It’s time to invigorate our Classified Listings again which have been neglected by your web person. What are the KCFA Classifieds? They are an entire page on the KCFA site and a FREE Member benefit for you. Each day our Classified section get visits so let’s pump it up. If you Want to buy something- If you Want to offer something or to sell something- If you are Looking for help--- Anything you want, practically.- 500 characters or less and it will be posted with you as the contact, for free.
--Submitted by Cecelia Smith
Geographical Identification Taking on a Face
With great honor and respect I was able to take advantage of the offer by the Center for Food Safety (CFS) to attend the presentation from their guest speaker, Dr. Vandana Shiva, who came to Hawaii as part of her “Home Rule Tour”. Dr. Shiva focused on the fact that your geographical identity is the starting point for healthy growth and positive change.
Dr. Shiva is a well-known Indian woman who through various entities including CFS in the US, and Slow Food/Terra Madre in Italy, has communicated her experiences and views regarding the scientific/environmental unknown impacts as well as the social and agricultural difficulties encountered by farmers and communities when dealing with genetically engineered (GE) crops.
The presentation was at Seabury Hall in Maui. Though an out of the way location (especially for people like my wife and I who had flown in for the event itself, but even for locals) and a rainy day, Dr. Shiva was speaking to an audience who wanted to hear her perspectives. It was a standing room only sold-out crowd and well worth the trip!
Generally Dr. Shiva spoke about broad areas such as how agriculture can and should be not only organic, but even beyond to protect the workers and the environment, with a specific note regarding the fact that pesticides are well documented worldwide to cause significant disruption to pollinator species which means that yet another problem has to be solved rather than identifying solutions for an agricultural system that does not rely on pesticides.
Another area of review and connection with the various counties in Hawaii (Maui and Hawaii counties with their County ordinances notably) was regarding the fact that all of us as consumers (which we all are even if our work is as farmers) seek to know what we are choosing to eat, and the labels put on foods can and should simply indicate if GE ingredients are included.
That is but one example of how the right to know what you are choosing can and should be provided with information labels since that is something that people worldwide seek and get from their governments and we would always expect that the Hawaii and the US would want to lead on that kind of basic opportunity.
There were a few main points that Dr. Shiva made that I believe are appropriate for all readers and especially for KCFA. Please understand that it is my desire to provide you with inspiration and encouragement, and not specific conclusions on your role(s).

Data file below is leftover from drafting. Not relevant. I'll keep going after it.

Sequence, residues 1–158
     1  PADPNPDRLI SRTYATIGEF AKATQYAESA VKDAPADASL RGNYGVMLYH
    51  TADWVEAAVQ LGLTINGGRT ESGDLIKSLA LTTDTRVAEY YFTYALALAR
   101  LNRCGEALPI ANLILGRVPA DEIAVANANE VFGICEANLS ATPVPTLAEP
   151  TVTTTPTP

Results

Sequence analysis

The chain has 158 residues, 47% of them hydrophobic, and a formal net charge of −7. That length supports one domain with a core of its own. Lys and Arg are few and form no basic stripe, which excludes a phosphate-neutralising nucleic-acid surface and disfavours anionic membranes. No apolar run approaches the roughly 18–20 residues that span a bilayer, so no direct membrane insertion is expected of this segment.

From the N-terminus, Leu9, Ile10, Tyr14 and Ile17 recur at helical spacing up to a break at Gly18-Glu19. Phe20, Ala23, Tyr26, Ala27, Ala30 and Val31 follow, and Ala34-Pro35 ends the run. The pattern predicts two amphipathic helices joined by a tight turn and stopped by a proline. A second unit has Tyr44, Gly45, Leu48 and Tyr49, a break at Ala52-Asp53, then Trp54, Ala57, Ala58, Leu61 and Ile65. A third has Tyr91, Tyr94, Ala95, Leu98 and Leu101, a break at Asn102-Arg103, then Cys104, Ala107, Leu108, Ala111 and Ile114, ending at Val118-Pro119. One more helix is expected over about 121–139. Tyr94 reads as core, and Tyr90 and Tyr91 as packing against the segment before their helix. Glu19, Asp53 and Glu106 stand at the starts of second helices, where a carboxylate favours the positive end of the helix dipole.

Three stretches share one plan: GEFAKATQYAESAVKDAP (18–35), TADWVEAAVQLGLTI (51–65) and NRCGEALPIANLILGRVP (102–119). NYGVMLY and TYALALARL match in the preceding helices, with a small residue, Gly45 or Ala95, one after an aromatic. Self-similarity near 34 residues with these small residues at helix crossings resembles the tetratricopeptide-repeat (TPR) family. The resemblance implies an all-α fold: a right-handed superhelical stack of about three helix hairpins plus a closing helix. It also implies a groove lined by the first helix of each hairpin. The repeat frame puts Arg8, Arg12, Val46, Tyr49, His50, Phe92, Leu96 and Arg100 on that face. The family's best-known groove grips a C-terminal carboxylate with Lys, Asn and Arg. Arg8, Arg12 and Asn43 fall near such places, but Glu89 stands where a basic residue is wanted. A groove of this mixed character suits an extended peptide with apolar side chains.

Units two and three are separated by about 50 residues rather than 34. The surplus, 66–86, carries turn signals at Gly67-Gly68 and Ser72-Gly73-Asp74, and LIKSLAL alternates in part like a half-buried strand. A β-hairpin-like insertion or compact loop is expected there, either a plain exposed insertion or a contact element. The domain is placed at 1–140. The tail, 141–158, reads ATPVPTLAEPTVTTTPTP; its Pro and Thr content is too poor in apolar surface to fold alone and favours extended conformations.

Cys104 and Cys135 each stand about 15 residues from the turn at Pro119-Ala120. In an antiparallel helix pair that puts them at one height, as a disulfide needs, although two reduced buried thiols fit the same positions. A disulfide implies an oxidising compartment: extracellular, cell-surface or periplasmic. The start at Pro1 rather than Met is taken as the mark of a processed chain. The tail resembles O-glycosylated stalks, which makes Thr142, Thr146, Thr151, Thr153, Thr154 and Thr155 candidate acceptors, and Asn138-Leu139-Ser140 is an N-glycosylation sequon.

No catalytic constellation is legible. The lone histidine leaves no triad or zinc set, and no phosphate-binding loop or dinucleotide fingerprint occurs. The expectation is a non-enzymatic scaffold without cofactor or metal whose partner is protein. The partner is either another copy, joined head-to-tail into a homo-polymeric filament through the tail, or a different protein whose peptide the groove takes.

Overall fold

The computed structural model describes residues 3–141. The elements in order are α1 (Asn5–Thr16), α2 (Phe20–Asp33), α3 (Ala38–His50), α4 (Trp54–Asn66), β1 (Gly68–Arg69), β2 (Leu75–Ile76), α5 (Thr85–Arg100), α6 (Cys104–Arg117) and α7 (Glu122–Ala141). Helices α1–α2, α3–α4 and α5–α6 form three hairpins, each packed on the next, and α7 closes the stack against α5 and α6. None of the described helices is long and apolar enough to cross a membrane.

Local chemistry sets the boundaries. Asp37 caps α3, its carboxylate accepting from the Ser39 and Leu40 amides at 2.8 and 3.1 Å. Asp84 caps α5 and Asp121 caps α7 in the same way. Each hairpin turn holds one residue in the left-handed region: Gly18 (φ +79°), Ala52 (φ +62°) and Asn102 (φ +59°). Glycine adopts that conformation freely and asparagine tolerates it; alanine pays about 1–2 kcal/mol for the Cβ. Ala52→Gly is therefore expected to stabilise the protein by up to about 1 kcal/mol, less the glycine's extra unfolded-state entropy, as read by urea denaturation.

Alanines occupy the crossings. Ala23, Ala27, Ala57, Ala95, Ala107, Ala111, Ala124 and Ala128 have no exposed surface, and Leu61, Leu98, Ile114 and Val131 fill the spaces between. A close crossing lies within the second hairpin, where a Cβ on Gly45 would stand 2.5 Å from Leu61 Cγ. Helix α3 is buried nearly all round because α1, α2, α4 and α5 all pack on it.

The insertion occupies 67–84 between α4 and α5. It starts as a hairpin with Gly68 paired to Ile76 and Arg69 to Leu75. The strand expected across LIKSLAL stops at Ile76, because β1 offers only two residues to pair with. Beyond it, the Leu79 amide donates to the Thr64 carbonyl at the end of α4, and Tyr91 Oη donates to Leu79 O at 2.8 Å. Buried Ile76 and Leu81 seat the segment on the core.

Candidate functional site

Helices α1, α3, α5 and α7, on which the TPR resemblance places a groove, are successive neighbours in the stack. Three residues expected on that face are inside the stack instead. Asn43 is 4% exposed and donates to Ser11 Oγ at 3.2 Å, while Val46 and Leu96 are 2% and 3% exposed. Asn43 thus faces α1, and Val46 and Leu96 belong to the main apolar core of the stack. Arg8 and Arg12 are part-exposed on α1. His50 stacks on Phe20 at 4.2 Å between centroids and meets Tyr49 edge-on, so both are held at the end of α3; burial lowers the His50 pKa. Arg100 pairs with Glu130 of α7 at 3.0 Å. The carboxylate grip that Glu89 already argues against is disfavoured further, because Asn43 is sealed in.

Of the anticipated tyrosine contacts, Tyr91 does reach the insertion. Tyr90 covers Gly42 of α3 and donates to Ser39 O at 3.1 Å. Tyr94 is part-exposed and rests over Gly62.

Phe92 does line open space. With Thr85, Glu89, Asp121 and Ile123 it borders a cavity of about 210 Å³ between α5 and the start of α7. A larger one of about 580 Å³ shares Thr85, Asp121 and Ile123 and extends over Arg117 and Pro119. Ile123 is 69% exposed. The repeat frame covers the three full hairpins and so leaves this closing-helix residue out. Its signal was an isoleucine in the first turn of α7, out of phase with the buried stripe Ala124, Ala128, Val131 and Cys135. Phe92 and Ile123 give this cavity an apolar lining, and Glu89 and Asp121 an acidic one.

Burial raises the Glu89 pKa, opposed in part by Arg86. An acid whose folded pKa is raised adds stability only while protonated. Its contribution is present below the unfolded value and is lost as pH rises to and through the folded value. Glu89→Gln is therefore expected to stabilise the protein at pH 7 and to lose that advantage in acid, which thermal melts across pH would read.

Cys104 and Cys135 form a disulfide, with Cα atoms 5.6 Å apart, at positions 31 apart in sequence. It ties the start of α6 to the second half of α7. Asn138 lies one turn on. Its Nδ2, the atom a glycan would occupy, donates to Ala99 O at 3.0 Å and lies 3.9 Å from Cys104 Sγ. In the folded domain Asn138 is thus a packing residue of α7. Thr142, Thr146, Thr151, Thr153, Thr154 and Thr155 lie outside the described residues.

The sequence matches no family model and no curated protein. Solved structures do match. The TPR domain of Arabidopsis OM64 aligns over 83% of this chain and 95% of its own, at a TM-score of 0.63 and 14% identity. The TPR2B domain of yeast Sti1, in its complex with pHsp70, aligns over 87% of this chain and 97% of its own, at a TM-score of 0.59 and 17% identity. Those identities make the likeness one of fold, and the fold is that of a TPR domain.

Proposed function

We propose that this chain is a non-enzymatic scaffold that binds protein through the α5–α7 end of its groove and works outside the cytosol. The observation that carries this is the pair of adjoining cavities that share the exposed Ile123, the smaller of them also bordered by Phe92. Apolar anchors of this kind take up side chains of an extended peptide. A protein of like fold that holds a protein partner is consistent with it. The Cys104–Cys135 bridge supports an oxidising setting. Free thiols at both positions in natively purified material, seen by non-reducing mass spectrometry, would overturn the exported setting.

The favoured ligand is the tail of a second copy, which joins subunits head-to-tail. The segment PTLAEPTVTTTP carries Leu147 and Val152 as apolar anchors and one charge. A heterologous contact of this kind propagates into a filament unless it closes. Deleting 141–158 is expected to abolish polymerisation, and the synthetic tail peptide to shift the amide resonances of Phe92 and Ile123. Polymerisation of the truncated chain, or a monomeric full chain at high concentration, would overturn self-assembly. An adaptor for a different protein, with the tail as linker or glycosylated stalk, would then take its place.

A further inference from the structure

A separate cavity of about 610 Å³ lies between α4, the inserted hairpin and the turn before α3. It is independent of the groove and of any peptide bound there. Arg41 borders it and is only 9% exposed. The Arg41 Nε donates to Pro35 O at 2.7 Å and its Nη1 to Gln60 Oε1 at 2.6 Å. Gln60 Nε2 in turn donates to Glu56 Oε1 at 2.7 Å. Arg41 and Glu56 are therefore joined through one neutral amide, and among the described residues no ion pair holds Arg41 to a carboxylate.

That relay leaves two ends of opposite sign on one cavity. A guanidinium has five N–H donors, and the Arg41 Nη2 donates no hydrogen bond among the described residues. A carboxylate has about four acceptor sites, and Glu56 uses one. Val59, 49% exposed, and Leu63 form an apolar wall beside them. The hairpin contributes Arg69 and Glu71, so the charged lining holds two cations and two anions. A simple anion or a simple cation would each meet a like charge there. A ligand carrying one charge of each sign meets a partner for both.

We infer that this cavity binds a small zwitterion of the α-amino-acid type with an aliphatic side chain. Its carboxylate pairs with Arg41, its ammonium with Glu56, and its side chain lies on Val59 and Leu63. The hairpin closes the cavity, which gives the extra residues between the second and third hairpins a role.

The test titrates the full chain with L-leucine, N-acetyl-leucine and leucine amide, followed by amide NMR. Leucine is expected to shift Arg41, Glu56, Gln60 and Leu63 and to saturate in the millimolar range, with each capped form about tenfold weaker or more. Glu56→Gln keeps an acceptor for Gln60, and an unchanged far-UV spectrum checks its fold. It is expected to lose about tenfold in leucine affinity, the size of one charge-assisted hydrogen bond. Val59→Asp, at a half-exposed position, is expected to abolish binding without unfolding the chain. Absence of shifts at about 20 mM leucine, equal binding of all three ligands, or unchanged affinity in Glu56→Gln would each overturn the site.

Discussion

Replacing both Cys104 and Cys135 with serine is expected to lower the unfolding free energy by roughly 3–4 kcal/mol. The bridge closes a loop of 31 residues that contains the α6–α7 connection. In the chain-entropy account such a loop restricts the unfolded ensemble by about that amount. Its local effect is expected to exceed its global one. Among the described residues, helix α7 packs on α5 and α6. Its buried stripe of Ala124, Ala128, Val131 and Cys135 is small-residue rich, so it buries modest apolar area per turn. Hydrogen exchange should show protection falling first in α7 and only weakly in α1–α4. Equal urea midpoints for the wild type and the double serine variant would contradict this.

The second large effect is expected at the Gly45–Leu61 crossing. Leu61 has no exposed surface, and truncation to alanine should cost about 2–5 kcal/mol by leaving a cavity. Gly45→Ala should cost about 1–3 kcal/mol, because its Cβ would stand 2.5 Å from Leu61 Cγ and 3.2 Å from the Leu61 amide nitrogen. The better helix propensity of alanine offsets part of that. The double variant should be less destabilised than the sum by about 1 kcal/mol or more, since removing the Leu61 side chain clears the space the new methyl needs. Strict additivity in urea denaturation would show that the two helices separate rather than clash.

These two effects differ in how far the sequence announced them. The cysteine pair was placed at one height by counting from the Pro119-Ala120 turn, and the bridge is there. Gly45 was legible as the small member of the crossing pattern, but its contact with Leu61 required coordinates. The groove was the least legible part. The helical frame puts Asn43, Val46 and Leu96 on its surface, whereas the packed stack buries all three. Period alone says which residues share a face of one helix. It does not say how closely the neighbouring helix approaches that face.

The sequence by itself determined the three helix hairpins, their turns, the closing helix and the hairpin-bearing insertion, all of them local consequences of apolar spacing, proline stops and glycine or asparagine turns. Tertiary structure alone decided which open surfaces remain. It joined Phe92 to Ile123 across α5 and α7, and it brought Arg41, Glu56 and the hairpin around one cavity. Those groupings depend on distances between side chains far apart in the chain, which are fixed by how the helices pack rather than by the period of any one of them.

First is that “apartheid” which translates as, “the state of being apart” is something that we must be sure to avoid. That way of thinking means that humans are separate from the earth, and we must instead work toward connection and understanding of the earth, which is our farmland!
Next is the importance of the state of being home in self. Remember that we should not be seeking more than clean up and reorganizing of self and that we are our own home base!
That said, Dr. Shiva pointed out that we each must take responsibility to self-organize so that we can thereby work together.
The final point to repeat is that like not only Kona and KCFA and coffee farmers anywhere in the world and all farmers everywhere as well, in diversity lies our unity. We can and must work together with recognition that no answer or view is wrong, but rather that with common goals the range of perspectives is strength and it is by learning from and working with one another that we can seek and achieve a strong and long-lasting set of solutions for any and all of the concerns that we hold!
This all relates to the concept of how if we can work alongside our neighbor farmers, and agree with the common goals of protecting our farm and our own wellbeing at home. We must strive to be sure that our farms are not taken over by large companies who are making the profits from “helping us” when their goal is instead to make larger profit margins for companies of their own or of their close allies. Instead we must look at what we share – Geographical Identity of our Kona coffee crop – and seek to unite through our diversity!
For your information, you can look at what Hawaii CFS is doing from their Honolulu office and with staff throughout the state at www.hawaiicfsaf.org. KCFA can and should coordinate with groups like this who want farmers to have decision power in what happens on their farms!
--Submitted by Colehour Bondera
NEEDED - Dynamic Leader for Education Committee